• All risks (AR) cover is the most comprehensive cargo insurance, providing protection against loss or damage from external causes. The term 'all risks', is misleading, as it does not cover loss or damage arising from delay, inherent vice (deterioration or damage without outside help, e.g. milk souring). Losses as a result of inadequate packaging, weight loss from drying out, or market changes are also not covered. Risks from war, strikes, riots and civil unrest are also not covered, but can be covered at extra cost.

At Door To Door Freight Services we can quickly arrange insurance on your behalf at a competitive price.

6Duties/Taxes & Import Restrictions/Prohibitions

Before importing your goods it is advisable to ascertain what duties & taxes are applicable upon importation & if there are any restrictions or prohibitions applicable to the goods you wish to import so that you are aware of all costs of getting your goods to your door. The goods may require special treatment or documentation at origin before they can be imported into New Zealand or they may be a prohibited import such as flick knives. Your Customs Broker/Freight Forwarder will be able to advise if any duty or levies are applicable & if there are any import restrictions or prohibitions applicable to the goods you wish to import.

7Payment Terms

Having confirmed the price & terms of trade from your supplier & costs of shipment to your door including insurance, duties & taxes, you can then arrange payment to your overseas supplier by one of the following methods:

Telegraphic Transfer or Telex Transfer, often abbreviated to TT, is an electronic means of transferring funds overseas. Funds are transferred into your suppliers account and they will then ship your goods. Whilst telegraphic transfer is the most common payment method used, it is the least secure for the importer as they are taking the risk that the supplier will in fact ship their goods once they receive payment.

Credit card payments can be accepted if the exporter has a merchant agreement with an international credit card company. Many purchases relating to internet shopping, mail order or other forms of distance selling depend on customers providing a valid credit card number. You must also sign or otherwise confirm your wish to purchase. In most cases this will be with a company operating out of New Zealand and the transaction will be settled in New Zealand dollars. Purchasing at a distance by providing credit card details via fax/ telephone or email involves risk for both parties. Credit card details may be intercepted, which can lead to transactions which defraud the card holder. The technology is improving, but online credit card security remains an issue, despite fast growth in electronic trading.

Letters of credit are a method of payment frequently used in international trade and has advantages and disadvantages. A letter of credit is in essence a promise made by an importer to an exporter to the effect that the exporter will be paid upon production of certain documents. This promise is normally transmitted through (and backed up by) a bank. Your bank will be able to set up & advise you regarding using a Letter of Credit to pay for your importation.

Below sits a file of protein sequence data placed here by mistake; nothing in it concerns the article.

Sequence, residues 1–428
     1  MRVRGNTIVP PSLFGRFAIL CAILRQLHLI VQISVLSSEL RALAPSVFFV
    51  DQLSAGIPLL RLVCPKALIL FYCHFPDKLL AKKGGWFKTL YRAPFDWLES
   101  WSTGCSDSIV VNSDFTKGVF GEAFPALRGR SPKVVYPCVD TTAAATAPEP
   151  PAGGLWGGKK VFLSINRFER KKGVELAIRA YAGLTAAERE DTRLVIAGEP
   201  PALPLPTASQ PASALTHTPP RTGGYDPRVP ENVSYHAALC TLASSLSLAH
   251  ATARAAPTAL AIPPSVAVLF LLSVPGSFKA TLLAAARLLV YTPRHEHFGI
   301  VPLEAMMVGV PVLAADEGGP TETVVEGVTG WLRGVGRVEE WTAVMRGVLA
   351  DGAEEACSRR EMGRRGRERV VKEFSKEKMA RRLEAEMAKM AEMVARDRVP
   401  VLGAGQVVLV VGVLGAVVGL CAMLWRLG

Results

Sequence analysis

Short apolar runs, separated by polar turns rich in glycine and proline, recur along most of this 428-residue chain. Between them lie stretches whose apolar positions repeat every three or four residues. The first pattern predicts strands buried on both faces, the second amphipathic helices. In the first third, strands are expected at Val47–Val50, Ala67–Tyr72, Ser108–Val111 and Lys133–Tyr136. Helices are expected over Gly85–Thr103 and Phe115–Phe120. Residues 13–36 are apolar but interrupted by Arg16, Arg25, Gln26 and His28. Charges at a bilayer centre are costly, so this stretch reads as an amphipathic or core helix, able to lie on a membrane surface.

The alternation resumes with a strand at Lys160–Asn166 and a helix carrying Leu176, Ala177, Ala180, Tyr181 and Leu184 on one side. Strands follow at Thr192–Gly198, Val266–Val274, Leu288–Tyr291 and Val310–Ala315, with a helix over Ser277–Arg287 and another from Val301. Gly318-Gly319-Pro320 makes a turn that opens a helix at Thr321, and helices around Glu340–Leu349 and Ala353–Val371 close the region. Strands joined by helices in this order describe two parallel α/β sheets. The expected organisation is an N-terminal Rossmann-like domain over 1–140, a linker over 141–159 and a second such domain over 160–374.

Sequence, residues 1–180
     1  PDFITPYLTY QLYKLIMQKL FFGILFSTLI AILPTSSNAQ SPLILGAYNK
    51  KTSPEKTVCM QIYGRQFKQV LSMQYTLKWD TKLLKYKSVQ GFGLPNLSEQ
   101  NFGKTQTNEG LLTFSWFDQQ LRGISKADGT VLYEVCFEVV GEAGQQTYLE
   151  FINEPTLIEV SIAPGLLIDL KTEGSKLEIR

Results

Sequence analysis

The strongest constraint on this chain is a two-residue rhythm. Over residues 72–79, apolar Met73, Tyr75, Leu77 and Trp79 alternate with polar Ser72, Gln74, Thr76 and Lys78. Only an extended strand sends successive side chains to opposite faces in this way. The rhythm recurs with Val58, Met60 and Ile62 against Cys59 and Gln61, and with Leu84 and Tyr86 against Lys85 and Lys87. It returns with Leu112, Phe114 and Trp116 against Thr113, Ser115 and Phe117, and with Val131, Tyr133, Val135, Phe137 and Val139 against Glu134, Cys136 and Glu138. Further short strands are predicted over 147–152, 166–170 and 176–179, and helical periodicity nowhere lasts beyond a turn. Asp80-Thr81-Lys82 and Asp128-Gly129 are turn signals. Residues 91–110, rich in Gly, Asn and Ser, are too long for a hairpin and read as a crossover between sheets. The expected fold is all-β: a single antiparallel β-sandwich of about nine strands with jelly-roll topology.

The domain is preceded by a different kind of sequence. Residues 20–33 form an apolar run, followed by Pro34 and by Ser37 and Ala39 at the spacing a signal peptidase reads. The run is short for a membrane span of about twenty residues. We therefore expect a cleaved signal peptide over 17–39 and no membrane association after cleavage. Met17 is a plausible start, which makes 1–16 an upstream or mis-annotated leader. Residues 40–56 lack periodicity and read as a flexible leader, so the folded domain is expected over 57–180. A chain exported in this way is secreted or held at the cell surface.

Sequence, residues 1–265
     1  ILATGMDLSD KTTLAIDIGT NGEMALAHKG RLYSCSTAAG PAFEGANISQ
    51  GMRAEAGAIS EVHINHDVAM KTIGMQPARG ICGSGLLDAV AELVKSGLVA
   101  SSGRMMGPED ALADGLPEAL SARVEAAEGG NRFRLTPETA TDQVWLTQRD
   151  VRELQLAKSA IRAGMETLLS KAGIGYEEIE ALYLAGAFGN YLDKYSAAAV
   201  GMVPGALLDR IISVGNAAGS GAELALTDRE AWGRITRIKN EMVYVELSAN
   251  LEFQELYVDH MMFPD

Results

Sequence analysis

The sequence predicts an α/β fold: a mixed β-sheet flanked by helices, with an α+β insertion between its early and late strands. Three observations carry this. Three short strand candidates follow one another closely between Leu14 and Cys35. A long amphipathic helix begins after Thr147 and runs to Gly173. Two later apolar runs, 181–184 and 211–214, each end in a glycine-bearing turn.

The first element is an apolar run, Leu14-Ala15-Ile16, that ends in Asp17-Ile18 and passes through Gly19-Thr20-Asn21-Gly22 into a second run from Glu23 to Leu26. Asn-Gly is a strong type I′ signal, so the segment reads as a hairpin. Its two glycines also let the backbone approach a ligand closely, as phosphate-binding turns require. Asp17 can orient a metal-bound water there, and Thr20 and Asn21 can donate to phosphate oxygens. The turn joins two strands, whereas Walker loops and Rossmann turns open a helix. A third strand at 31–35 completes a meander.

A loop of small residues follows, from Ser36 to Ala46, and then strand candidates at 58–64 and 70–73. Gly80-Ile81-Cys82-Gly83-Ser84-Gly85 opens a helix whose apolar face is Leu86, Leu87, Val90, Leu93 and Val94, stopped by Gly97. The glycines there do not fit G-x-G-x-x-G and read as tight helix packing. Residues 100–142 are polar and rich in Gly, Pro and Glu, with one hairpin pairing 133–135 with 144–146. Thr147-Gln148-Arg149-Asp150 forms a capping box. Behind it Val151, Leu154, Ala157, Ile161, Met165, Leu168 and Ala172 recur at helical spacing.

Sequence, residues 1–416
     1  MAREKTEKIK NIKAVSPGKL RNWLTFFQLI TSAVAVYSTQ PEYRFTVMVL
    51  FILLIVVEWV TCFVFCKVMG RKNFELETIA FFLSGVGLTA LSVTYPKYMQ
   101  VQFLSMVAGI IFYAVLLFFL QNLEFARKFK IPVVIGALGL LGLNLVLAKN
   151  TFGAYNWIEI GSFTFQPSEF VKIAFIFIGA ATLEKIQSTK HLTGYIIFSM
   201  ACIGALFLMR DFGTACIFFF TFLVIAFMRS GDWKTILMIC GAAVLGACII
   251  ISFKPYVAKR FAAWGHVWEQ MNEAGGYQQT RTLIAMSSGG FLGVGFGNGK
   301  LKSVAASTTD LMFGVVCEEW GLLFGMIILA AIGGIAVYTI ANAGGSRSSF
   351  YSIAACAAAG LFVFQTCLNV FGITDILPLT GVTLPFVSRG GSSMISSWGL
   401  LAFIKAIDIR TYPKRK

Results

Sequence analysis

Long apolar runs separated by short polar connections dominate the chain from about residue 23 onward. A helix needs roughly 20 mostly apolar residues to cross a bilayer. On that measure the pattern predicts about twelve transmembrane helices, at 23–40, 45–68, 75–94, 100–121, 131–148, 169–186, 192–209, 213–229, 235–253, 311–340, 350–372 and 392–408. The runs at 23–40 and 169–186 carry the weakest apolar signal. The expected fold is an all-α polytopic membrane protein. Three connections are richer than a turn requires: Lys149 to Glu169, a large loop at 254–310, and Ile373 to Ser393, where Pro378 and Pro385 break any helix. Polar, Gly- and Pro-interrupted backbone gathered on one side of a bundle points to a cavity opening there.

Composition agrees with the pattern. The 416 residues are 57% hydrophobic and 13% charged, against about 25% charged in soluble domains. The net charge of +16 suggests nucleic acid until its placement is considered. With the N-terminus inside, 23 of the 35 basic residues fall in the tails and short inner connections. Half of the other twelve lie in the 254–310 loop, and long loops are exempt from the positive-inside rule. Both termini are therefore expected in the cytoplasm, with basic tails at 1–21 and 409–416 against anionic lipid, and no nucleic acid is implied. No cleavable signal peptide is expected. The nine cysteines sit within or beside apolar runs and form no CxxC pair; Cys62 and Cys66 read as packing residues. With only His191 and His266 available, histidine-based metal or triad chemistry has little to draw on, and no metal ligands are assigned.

L/Cs provide the highest level of security, but are more expensive than other methods of payment and can cause delays.

A simpler method of undertaking international transactions is ‘bank draft against documents’. This simply means the importer must instruct his bank to transfer funds to the exporter before the bank will let him have the documents. This provides some measure of security to the exporter, but not as much as an L/C. The importer has the option of simply refusing to accept the draft, in which case he cannot take possession of the goods, but neither does the exporter receive payment. In cases where the importer's business collapses, the exporter can be left exposed.

Drafts can also be drawn at sight, i.e. payment is made on the spot, or subject to terms. If a term is specified, the banks will recover interest in accordance with the terms of the draft.

This is the method used by most companies who have transactions with associated companies or where there are no issues of security, for example long standing trading relationships developed on the basis of mutual trust. This method, incidentally, is used for most domestic transactions in New Zealand.

Most companies will extend credit terms to their clients, subject to them meeting certain criteria. While this is the most efficient and less costly option, it also has the biggest level of risk. Many traders are prepared to accept those risks domestically, but are reluctant to do so internationally, where debt recovery can be more complicated.

Some exporters will simply demand payment in advance before they will ship the goods. This way, the importer assumes all the risks.

The selection of the method of payment is in essence a function of risk assessment. There are substantial penalties for seeking too much security (in the form of delays and charges) and equally substantial penalties for running an unacceptable level of risk.

Our advice is to look at these matters from a risk assessment perspective and then decide on the best method.

  • Telegraphic transfers, drafts and open accounts are simpler and less expensive than L/Cs, but less secure.
  • The selection of method of payment is a risk assessment decision.
8Arranging Shipment:

Having paid for the goods, shipment can then be arranged. If you are buying on terms that do not include the overseas freight, you will need to arrange shipment of your consignment with your Freight Forwarder. In most instances this is a simple matter of providing your Freight Forwarder with the full contact details of your supplier including a contact name & phone number & a copy of the order, invoice or some other documentation evidencing the purchase. Your forwarder can then instruct their overseas representative in the country of export to arrange shipment of the goods. At the same time you will need to advise your supplier of the contact details of your Freight Forwarders representative in the country of export & authorize them to deliver or release the goods to that representative.

9Documentation Required

Once your consignment has been shipped certain documentation will be required to arrange Customs & MPI Clearance & delivery to your door this includes: